Techum shabbat

From Wikipedia, the free encyclopedia
  (Redirected from Techum)
Jump to: navigation, search

In Jewish halacha, the techum shabbat (Hebrew: תחום שבת, "Shabbat boundary"), or simply techum, is a limited physical area in which a Jew is permitted to walk on foot on Shabbat and Jewish holidays. In general, this area is calculated by measuring 2000 cubits (about 1 kilometer) in every direction from the place (or settlement) where a person was located when Shabbat began.

Sources[edit]

The source of the prohibition is the verse in Exodus in which Moses commands the Israelites not to leave their encampment to gather manna on Shabbat:

"Behold, the Lord has given you the sabbath, therefore He gives you on the sixth day bread for two days; each man shall stay put, and not leave his place on the seventh day." (Exodus 16:29)

According to the Babylonian Talmud, the current prohibition is of rabbinic origin, and this verse is only a asmachta (hint) to a rabbinic law, rather than the source of a Biblical law. However, the Jerusalem Talmud states that while the prohibition to venture further than 2000 cubits (one mil) is rabbinic, venturing a distance over 12 mil is Biblically forbidden. Maimonides rules according to the Jerusalem Talmud,[1] while others rule according to the Babylonian Talmud.[2]

The starting point for measurement[edit]

A person who is located in an open area outside human settlement, measures 2000 cubits outside the "four cubits" surrounding him which are considered his personal space.[3] If a person is located in an isolated house which is not part of a larger settlement, the techum is measured from outside the courtyard of his house. If he is within a settlement, the entire area of the settlement is considered his personal space.[4][5]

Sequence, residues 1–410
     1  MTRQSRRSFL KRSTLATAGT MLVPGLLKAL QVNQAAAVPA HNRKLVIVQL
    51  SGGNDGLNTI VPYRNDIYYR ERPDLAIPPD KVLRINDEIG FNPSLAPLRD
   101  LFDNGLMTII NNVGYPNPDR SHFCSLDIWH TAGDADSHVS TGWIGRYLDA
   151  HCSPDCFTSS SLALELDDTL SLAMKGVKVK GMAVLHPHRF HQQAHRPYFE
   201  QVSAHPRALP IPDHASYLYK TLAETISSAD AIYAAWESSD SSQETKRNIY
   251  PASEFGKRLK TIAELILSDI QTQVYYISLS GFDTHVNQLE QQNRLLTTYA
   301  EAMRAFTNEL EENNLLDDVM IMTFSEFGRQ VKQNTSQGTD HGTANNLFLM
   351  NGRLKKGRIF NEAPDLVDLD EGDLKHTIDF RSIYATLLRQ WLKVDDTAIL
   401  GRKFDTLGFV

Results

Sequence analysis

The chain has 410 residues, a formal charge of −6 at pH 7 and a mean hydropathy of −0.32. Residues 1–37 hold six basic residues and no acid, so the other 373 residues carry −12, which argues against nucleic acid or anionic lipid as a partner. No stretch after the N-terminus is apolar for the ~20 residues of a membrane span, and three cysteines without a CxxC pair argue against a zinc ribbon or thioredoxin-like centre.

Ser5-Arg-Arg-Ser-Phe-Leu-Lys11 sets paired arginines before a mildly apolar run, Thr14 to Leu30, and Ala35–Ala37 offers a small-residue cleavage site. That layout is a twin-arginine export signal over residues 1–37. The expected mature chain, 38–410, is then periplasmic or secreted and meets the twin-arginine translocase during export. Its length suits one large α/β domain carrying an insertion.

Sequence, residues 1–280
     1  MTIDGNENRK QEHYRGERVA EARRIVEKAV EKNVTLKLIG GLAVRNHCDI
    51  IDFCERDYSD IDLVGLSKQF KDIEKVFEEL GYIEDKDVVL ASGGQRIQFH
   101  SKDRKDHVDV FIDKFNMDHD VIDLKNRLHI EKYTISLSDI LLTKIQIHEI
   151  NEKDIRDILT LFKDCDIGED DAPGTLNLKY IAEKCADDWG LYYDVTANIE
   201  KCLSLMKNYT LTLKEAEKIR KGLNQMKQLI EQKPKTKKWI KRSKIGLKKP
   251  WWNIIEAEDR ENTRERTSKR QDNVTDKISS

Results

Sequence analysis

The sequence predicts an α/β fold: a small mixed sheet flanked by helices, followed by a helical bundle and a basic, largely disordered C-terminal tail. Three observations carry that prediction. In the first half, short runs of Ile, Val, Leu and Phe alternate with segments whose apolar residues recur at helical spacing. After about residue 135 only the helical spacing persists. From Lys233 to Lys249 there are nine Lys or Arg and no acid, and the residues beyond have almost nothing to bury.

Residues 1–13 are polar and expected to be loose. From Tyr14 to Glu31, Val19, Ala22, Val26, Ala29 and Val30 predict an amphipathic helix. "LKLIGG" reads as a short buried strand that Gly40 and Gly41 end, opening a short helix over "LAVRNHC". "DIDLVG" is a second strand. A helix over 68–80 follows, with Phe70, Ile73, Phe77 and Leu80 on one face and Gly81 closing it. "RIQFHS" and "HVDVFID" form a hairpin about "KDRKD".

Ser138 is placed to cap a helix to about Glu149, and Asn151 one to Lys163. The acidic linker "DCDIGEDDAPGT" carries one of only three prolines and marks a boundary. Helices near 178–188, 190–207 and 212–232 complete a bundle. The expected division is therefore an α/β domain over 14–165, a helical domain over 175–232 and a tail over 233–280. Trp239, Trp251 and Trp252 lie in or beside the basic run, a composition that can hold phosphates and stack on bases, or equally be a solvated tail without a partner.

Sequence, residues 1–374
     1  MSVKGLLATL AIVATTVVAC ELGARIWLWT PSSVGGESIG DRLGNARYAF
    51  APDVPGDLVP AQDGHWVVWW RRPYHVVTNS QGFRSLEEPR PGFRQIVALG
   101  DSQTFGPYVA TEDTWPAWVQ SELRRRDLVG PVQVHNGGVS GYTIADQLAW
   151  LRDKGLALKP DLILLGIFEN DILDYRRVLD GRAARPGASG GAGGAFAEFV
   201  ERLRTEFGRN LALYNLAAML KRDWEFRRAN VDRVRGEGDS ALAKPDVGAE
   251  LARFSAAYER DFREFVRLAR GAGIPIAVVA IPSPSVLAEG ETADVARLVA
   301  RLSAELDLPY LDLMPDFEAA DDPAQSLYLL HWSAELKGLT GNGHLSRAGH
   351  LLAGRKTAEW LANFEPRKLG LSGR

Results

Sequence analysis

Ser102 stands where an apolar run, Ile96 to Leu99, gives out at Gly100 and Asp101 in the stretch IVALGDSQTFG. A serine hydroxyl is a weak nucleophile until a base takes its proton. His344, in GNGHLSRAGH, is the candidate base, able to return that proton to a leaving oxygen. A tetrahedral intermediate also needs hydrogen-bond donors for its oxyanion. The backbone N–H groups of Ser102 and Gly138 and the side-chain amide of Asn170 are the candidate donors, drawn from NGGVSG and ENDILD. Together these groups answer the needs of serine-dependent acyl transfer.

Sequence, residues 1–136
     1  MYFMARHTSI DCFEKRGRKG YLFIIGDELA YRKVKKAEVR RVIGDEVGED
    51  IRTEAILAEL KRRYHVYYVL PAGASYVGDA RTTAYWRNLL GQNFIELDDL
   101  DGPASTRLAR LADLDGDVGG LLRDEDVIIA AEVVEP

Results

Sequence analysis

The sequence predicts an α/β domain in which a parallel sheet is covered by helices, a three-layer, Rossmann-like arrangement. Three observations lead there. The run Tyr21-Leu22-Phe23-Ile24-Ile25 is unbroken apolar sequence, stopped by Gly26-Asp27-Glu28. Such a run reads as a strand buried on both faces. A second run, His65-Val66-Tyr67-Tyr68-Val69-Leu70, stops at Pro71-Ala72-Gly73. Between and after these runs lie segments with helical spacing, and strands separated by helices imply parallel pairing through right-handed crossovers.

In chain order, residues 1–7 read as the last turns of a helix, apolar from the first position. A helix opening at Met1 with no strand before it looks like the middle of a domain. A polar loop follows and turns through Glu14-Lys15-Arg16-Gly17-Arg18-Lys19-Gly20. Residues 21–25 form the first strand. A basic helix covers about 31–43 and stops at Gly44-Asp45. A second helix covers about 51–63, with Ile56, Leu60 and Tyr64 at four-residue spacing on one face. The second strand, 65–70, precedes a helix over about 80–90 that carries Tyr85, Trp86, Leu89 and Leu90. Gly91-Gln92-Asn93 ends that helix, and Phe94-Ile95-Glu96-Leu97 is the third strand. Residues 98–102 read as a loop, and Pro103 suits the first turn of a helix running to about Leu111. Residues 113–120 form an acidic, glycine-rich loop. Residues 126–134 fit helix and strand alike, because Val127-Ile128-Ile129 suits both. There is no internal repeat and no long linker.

A person need not say or intend anything particular for this normal techum to take effect.[6] However, he may declare that his "dwelling place" is located in a different place from his location at the entrance of Shabbat (on condition that the place he is physically located is within the techum for the place he has declared). For example: if a person is located just outside a city, he may declare that his dwelling place is within the city.

When this declaration is made in error, it is not valid.[7] Therefore, a person who does not realize before Shabbat that he is adjacent to a city, and discovers this fact during Shabbat, may then enter the city and calculate his techum according to the city's techum. However, if he was aware of the city before Shabbat and knowingly chose his "dwelling place" to be based on his location outside the city, his techum remains as he intended, and if parts of the city are outside his 2000-cubit zone, he may not enter those parts.[8]

Determining the city boundary[edit]

An example of city measurement for techum. Red: built-up city area (can be any shape). Dark blue: rectangle encompassing the city. Cyan: the further 2000 cubits in which walking is permitted.

To calculate the techum for a city, it is first necessary to determine the city boundary from which the 2000 cubits are to be measured. A city may be of any shape, but the boundary used for this purpose is always a rectangle - the smallest rectangle which can contain the entire city. The measurement of 2000 cubits for a city's techum begins at the edge of this rectangle.

Any house which is found within a distance of 70 cubits (~35 meters) from the city is considered part of the city. If a second house is located less than 70 cubits from the first house, then it too is considered part of the city. By this principle, a "city" can extend over a large area even if its buildings are quite distant from one another. This is on condition that the buildings are used for dwelling, not for storage or other purposes.[9] Of course, the rectangle enclosing the city will include even more space.

Two cities which have less than 141 cubits of open space between them are considered to be one city for the purposes of calculating techum.

When a group of nomadic people live in temporary buildings such as tents, their encampment is not considered a single settlement, and each individual measures 2000 cubits from his own dwelling. But if they built a fixed common structure such as a fence, they do count as a single settlement.[10]

References[edit]

  1. ^ Mishneh Torah, Shabbat, 27
  2. ^ Aruch HaShulchan, Orach Chaim, 397:2
  3. ^ Aruch Hashulchan, Orach Haim 398:1
  4. ^ Aruch Hashulchan, Orach Haim 398:1
  5. ^ Aruch Hashulchan, Orach Haim 398:3
  6. ^ Aruch Hashulchan, Orach Haim 400:1
  7. ^ Aruch Hashulchan, Orach Haim 400:1
  8. ^ Aruch Hashulchan, Orach Haim 400:2
  9. ^ Aruch HaShulchan Orach Haim 398:14
  10. ^ Aruch Hashulchan, Orach Haim 398:22

See also[edit]